TEHERAN, Iran - Iranian President Mahmoud Ahmadinejad announced the successful test firing of a surface-to-air ballistic missile with a 1,250-mile range, which could target Israel, southern Europe and U.S. bases in the Persian Gulf.
Like the Ashura missile under production in Iran, the Sajjil-2 uses solid fuel.
"The Sajjil-2 missile, which has advanced technology, was launched today, and it landed exactly on target," Ahmadinejad told reporters in his hometown in the northern Semnan province, where the launch took place, according to IRNA, Iran's state news agency.
Ahmadinejad's announcement followed a report on Monday by the EastWest Institute, which predicted it would take Iran six to eight years to produce a long-range missile capable of carrying a nuclear payload.
The report, written by a team of six U.S. and six Russian scientists, said scientists couldn't determine how long it would take Iran to build an intercontinental ballistic missile, but without outside help, it was at least 10 to 15 years away.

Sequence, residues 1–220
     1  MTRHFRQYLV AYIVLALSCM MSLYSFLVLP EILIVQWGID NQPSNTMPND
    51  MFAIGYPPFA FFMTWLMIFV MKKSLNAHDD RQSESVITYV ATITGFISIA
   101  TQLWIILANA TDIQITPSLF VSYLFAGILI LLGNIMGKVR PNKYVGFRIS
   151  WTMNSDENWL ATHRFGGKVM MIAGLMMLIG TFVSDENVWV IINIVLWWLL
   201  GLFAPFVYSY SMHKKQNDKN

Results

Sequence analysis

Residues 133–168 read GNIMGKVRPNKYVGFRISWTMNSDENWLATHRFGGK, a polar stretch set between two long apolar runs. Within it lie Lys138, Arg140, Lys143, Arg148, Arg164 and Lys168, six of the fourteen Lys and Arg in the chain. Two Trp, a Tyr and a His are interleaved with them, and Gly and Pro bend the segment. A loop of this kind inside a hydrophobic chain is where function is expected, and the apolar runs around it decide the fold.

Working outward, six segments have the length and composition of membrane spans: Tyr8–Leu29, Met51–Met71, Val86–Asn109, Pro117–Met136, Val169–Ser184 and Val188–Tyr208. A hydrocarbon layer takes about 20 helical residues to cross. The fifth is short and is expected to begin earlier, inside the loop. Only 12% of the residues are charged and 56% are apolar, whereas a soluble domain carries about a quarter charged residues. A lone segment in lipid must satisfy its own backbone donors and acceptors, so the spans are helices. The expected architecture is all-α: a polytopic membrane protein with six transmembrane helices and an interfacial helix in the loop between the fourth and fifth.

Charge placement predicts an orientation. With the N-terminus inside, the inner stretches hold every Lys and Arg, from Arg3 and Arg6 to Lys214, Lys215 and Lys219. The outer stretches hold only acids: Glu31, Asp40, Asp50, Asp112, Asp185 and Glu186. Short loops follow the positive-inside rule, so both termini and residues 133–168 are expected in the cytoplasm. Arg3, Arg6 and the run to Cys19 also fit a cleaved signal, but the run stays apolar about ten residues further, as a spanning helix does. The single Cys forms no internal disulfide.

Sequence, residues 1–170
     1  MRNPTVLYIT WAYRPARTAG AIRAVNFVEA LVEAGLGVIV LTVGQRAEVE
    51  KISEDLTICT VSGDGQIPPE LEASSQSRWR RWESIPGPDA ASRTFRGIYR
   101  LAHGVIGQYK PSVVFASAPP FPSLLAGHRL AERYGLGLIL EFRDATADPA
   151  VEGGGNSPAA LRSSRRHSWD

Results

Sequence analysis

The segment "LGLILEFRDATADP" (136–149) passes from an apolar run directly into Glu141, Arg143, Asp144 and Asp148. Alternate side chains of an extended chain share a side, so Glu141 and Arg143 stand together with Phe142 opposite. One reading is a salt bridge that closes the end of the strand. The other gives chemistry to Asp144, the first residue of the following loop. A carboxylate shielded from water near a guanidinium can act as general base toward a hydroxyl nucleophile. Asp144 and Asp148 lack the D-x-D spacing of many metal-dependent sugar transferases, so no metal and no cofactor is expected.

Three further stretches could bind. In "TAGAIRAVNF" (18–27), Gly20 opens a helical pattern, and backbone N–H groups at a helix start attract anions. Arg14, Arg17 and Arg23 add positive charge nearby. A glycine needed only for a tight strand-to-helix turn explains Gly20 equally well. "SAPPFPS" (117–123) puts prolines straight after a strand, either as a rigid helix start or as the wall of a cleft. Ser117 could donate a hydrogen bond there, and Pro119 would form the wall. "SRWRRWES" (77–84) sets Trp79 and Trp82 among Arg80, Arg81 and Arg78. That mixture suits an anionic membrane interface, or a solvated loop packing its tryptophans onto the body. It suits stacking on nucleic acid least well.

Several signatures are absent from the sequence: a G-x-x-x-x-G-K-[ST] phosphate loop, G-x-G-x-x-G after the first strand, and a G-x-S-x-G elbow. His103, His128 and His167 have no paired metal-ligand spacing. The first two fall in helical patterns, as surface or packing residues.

Despite Iran's nuclear enrichment program, which has produced more than 2,200 pounds of low-grade uranium - enough to produce one bomb when enriched - the report said it wasn't "clear whether it has taken the decision to produce nuclear weapons."
The report further stated that the Islamic Republic has not provided "satisfactory answers" about possible "military dimensions" of its nuclear program.
In February, the team presented its findings to U.S. National Security Advisor General Jim Jones, Russian Foreign Minister Sergey Lavrov and U.N. Security Council Secretary Nikolai Patrushev.
Last November, Iran test fired a Sajil missile, describing it as a "new generation" of surface-to-air ballistic missiles.
Sources: Haaretz, The Jerusalem Post